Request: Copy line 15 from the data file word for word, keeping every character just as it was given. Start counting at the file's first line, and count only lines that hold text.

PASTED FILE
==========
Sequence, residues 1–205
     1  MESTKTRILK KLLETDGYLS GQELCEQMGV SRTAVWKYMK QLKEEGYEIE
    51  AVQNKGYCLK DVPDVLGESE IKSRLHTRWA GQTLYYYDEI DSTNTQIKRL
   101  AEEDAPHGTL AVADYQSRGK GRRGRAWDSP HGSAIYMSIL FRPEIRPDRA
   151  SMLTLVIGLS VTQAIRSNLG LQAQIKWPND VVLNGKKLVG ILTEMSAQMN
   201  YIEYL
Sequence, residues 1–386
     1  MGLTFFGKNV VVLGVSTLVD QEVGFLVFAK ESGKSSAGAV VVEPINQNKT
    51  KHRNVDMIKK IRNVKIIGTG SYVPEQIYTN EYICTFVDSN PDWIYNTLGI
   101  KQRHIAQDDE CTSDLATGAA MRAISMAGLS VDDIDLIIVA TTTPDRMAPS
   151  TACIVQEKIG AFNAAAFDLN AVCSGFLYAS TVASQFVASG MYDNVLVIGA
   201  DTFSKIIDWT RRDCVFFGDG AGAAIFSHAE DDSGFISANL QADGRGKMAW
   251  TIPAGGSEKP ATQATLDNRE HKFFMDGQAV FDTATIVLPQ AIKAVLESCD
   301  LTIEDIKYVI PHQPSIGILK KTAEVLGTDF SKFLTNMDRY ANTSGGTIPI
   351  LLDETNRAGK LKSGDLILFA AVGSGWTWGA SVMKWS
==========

   351  LLDETNRAGK LKSGDLILFA AVGSGWTWGA SVMKWS